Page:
Once your NMC information is imported, Google Health can do some pretty nifty things with it. For instance, it will analyze your medication list and alert you to any drug interactions or duplicate therapies. Next, it provides great internet reference links for each of your active or past health conditions to allow you to further research and manage that disease. Google also integrates with a number of pharmacy and lab systems so that you can download information from those systems into your Google record, and then sync your Google record back to NoMoreClipboard to keep your medication lists and test results updated.

Google also offers (for free) some of the features that NoMoreClipboard makes you pay extra for --such as storing documents/photos, or graphing your common result data such as daily blood pressure readings.

While NMC and Google offer good data entry, printing, sharing, and online research of your PHR information, and also use the industry-standard CCD/CCR xml format to exchange information between each system, neither let you save or import that CCD/CCR file yourself (for instance, if you want to carry one of these files on a USB stick so that your electronic doctor's office can easily import it into their EHR, or the office wants to give you a download of their EHR's electronic file). For this situation, Microsoft HealthVault shines.

Microsoft HealthVault is clearly a "back-end" hub. It's design premise assumes patients are not at all interested in manually entering all their health information, and that they'd rather just have a centralized storage location for all their health information to be "exchanged" by the patient's desired electronic providers. HealthVault provides no way to share this information with non-electronic providers (such as a printed patient summary document or wallet card). However, if all of your doctors are using EMRs and would prefer to give or receive your data as a standardized electronic CCD/CCR file, then HealthVault is the ideal solution.

HealthVault is also the only PHR solution that integrates directly with a number of new-aged medical devices-- there's a growing list of web-enabled devices that capture blood pressure readings, glucose levels, peak flows, etc and transmit these readings directly into your HealthVault record. No manual data entry required! Telemedicine is an exciting future that hopefully will allow us to live independently of nursing homes much longer, and have better chronic care management from our healthcare providers.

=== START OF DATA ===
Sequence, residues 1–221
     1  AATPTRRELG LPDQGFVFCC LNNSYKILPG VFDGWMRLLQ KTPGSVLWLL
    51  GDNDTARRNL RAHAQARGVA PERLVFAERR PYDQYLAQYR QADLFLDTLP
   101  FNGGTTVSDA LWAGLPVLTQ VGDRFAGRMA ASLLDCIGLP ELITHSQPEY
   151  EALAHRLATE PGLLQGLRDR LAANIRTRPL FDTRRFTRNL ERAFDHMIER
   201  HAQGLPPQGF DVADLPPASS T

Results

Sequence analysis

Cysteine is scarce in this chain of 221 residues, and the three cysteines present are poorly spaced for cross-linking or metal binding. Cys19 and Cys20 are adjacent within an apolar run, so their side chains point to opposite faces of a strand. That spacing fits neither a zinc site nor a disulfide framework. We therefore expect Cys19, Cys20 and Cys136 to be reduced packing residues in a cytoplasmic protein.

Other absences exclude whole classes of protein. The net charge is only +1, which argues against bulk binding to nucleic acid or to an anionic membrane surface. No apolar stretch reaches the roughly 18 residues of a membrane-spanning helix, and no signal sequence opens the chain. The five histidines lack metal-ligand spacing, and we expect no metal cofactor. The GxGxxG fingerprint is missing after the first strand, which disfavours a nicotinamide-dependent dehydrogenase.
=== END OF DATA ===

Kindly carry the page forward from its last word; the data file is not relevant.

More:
So, there you have it! Another way to keep your important data with you wherever you might be-- whether it's sitting at home or camping in the middle of Yellowstone!


  1. Lynne, I found you on RV-Dreams Forum (Mobile Productivity Ideas). We are about 18 months away from starting our full time adventure. Being a techie, I am interested in technology on the road. Currently debating iPhone vs Droid. Like the idea of cloud storage to have access to important documents and get rid of paper stuff. Thanks for your research. and

  2. We need to learn more about this! How do I follow you on your blog?
    We are figuring out how to use Tricare and are carrying around folders of medical records....

    Randy and Pam

  3. Hi Randy-- There should be a "Follow" button on the top left of the Blogger banner if you want to follow along via Google. If you'd prefer to use RSS, just click the Subscribe link at the bottom of my blog's homepage.

    Keeping the folders of records are easy, but as anything can happen on the road, think about either scanning/uploading them to a Google Health account (free), so you'll have a backup that's always accessible. I keep PDFs of all the detailed lab tests/reports/notes on the Google Health account, and then keep the summary-level info (current meds, allergies, immunizations, etc) updated on NoMoreClipboard (but Google Health does fine for this as well).

  4. I received a question from a reader named Brenda but was unable to post it due to a Blogger error, so here's her very excellent question "Are there any security issues with these?"

    My short answer for these specific major-player solutions is "no", but technically, all of our online data is subject to some level of security risk--where it's bank records, medical records, credit card numbers stored at Amazon, etc. So you certainly do need to assess the online provider's reputation and weigh the risk/rewards. I think Google has a very good track record, for the most part, when it comes to security, and our own government has a very detailed set of regulations for all health providers to follow with regards to storage/safekeeping of patient medical information (HIPAA).

    A security risk often overlooked is the risk your printed paper records pose versus electronic data. If I carry physical paper records with me, they might get stolen or lost, or a simple gust of wind might blow them down the street! They also might be easily read and/or copied by snooping friends, family, or strangers.

    I honestly believe that you're far more prone to a security breach with physical paper records than you are to a hacker or rogue employee gaining access to your electronic or online information, but of course, that's based on taking care not to store information on unsecurred websites (Http web addresses rather than "Https"), and to avoid smaller fly-by-night providers unless they're affiliated with major partners. is certainly not a household name and I normally would be weary, but the fact that they are a partner with both Google Health and Microsoft HealthVault gives me much more confidence, and the fact that I get a lot of value from their service, makes it worth the relatively minor risk.

    Hope that helps! Thanks for the question, Brenda!

  5. Lynne, I'm writing a short article about Online Medical Records for Your article is much more complete and I'd like to link to it. Please let me know if that's not OK - and I'll remove it.
    Thank you for your great information!

  6. Thanks Chris, what an honor!